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Comment Re:Very sad - but let's get legislation in place N (Score 1) 706

FaceBook is Stasi 2.0 - Stasi being the acronym for the former Eastern Geman "Staatssicherheit" // The smart thing with FaceBook is: you don't have to pressure people into telling who their friends are, who they meet, what they read, what they think, and so on. People provide the data by theselves.

Comment Re:a "before" and an "after" in the life of our so (Score 1) 668

Don't encourage the endangering of other childrens health through a known problem (measels) because a liar (many liars in fact) tricked you into blaming the vaccinations.

Make no mistake: I am on no anti vaccination crusade. I never heard of this doctor (Wakefield) prior to today. I'm a lurker here and I just droped a few words. Take it for what it is: a testimony. I am not here to convince anyone. -- My personal *feeling*, so far, is that nothing gives a kid autism (it is already in him/her, from even before birth), BUT certain things help developping autistic misbehaviors (more or less badly) and vaccines are one of them. Again, I am no scientist - what I write is just a *feeling*, fed by what I understand from doctors' explanations.

Comment Re:a "before" and an "after" in the life of our so (Score 0) 668

I don't know about that -- I'm NOT trying to prove my point or to score a point here. All I intend to do is to deliver a short testimony. I notice my initial comment was labeled as "Funny" (see: Different people have different sense of "fun".

Comment a "before" and an "after" in the life of our son (Score 5, Funny) 668

I know as a fact there was a "before" and an "after" in the life of our son -- he was an apt big baby till he was 26 monthes. Then he got this compulsory vaccination (we're French) and he was 'elsewhere' for a few days. To make it short, my son is now 8.5 years old and he's a non verbal autist.

Comment Re:Only Fair (Score 1) 335

Just because Twitter has a presence in France doesn't mean France has the ability to enforce its laws on a company that's American owned - whether those French laws are fair or not don't play a role here - it's a matter of who is ruling and who isn't -

Comment Re:I've been waiting for this... (Score 1) 335

...Twitter France (if it exists)...

It does. See: but all that is irrelevant. We're talking American interests versus other interests. Juridication and moral issues don't play a role here. It's about who can impose his views and who can't.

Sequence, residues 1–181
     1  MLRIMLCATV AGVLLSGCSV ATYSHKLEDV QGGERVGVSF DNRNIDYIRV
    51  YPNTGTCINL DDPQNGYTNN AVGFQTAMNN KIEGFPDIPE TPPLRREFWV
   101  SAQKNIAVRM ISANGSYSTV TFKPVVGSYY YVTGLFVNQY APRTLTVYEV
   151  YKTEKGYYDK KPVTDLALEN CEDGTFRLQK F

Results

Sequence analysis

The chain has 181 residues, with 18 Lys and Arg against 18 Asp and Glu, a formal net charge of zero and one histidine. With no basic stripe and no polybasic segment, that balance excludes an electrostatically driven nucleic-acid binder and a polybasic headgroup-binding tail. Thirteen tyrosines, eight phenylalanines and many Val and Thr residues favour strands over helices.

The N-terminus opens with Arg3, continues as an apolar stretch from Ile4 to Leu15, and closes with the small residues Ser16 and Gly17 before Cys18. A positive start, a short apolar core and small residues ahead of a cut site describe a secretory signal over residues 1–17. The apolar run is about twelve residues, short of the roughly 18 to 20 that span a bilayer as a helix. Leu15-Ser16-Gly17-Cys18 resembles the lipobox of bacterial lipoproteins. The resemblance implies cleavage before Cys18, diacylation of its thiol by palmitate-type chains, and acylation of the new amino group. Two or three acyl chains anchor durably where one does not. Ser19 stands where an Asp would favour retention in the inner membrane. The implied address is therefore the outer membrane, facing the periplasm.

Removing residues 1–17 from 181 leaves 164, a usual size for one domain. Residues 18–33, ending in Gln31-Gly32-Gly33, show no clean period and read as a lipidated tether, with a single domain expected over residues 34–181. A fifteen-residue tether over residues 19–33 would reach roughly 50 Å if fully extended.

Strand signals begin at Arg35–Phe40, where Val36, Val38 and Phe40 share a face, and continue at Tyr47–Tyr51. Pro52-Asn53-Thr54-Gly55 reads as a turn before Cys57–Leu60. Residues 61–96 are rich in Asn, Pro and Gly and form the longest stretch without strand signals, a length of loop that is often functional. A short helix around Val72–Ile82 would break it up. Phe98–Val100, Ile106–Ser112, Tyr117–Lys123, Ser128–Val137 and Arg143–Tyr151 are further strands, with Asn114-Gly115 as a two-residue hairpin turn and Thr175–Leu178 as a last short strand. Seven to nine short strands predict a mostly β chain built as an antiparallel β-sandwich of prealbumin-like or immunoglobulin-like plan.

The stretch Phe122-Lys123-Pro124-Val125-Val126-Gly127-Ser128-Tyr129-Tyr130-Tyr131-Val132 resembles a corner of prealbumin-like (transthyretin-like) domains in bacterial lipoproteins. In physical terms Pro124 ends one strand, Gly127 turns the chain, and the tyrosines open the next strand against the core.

Comment Re:Google should charge them. (Score 1) 207

Good. Now... Google is a business. They live from selling a product. And not, the product is NOT their search engine. The product they're seeling is their audience. When you sit in front of your computer, YOU are the product, since Google is selling your presence to advertisers. One way or another: can't afford to loose Oranges customers.

Comment Re:Google refused Free, Free blocked Google ads (Score 1) 207

We're talking Google seeling ads to French corporations -- those ads appear on French websites and they are seen by French customers. Google made some 2 billions euros in France last year (that's about 2.6 billions dollars) and the controvesry is the government says Google paid 5 millions euros taxes -- that's just 0.25%. Google says they operate from Irland so they pay taxes there (in Ireland - where their offices are) on the money thay gather from their French activities. Now, you can replace 'France' with 'Germany' or with practicaly every European country.

Comment Re:Google refused Free, Free blocked Google ads (Score 1) 207

Free decided to block Google ads automatically for all its customers in retaliation.

More precisely: they installed some "adblock" filter as an opt-out service. Then they canged it and they made it an opt-in service. One way or another it's the same idea: the customers of Free (I am one of them) now decide if they want to get Google ads - or not.

Comment Re:absurd (Score 1) 207

You write that "Google should just ignore them" and you ask "What will the telecom do?" -- The ISP do not block Google, of course, they just make some of their services less available. One good example of that is Youtube. Here in France Youtube doesn't work very well with my ISP, because of the size of the pipe between Youtube and that ISP. Everybody agrees both sides should build a bigger pipe, but they disagree about who should pay for that pipe. If you're thinking as you can just ignore the French ISPs, the French market and the French as a whole if they don't play by your rules. But if you're you have to find a compromise.

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